But following the Asian debt crisis in 1998-1999, with the intervention of the International Monetary Fund (IMF), emerging market central banks began to diversify their reserves. And by the mid 2000s, gold started to play a more important role for these smaller banks as they looked to strengthen their domestic markets and currency. Further, policies intended to strengthen regional links among Asian countries and their emerging market trade partners have also supported diversification away from the US dollar. Based on its return, diversification and liquidity characteristics, gold has been a natural choice for these central banks, especially since the 2008-2009 financial crisis. And a recent survey of global central banks sheds some light on the multiple objectives that gold buying supports for these institutions.

Positive implications for gold investors?

Despite it being an easy leap to link the exponential increase of central bank gold buying exclusively to heightened geopolitical turbulence, it is clearly not the sole reason for greater gold demand. There are some greater and more established forces at play. In fact, based on both supply/demand trends and data regarding central bank sentiment about gold, a more likely explanation of their longer-term moves suggests a strategy focused on safety, as well as diversification of their reserves, given their large exposure to the USD.

As central banks reposition their portfolios and have continued to diversify portions of their reserves into gold, we believe it is likely that this will continue to support the demand for gold. Investors should welcome this trend—it has the potential to spur further positive implications for gold demand, price and investor returns—especially as central banks' buying patterns and currency reserve strategies continue to evolve on an increasingly turbulent world stage.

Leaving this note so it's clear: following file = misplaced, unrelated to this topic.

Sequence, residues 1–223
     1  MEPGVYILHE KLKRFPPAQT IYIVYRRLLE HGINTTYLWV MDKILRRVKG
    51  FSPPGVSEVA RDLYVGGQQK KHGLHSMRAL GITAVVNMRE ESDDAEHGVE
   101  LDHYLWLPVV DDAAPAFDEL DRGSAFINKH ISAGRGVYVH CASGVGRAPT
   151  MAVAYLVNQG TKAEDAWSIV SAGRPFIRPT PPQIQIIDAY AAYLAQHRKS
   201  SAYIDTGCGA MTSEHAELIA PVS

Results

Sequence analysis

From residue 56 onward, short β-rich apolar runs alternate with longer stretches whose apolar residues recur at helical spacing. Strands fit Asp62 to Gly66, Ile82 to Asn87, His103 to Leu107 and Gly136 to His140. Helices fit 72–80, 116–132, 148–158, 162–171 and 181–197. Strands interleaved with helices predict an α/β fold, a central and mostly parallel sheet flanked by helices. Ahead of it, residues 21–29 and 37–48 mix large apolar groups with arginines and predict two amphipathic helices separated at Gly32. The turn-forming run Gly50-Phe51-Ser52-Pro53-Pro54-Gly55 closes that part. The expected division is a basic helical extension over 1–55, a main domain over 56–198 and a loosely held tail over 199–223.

As central banks have upped their ante to gold, investors searching for ways to optimize portfolio outcomes might ask if they could potentially benefit by taking a page from the central bank playbook—using gold to diversify their own portfolios.9

1World Gold Council, March 31 2019.
2World Gold Council, Goldhub: Monthly Central Bank Statistics; International Monetary Fund, COFER Tables, March 2019.
3World Gold Council, Goldhub: Monthly Central Bank Statistics; International Monetary Fund, COFER Tables, March 2019.
4World Gold Council, Goldhub: Monthly Central Bank Statistics; International Monetary Fund, COFER Tables, March 2019.
5World Gold Council, Goldhub: Monthly Central Bank Statistics; International Monetary Fund, COFER Tables, March 2019.
6World Gold Council, Goldhub: Monthly Central Bank Statistics; International Monetary Fund, COFER Tables, March 2019.
7World Gold Council, Goldhub: Monthly Central Bank Statistics; International Monetary Fund, COFER Tables, March 2019.
8World Gold Council, Goldhub: Monthly Central Bank Statistics; International Monetary Fund, COFER Tables, March 2019.
9Gold has demonstrated a -0.01 and 0.06 correlation to the S&P 500 Index and Bloomberg Barclays U.S. Aggregated Bond Index, respectively, since the 1970s, based on annual returns. Bloomberg Finance L.P., and State Street Global Advisors, 01/01/1970-03/31/2019.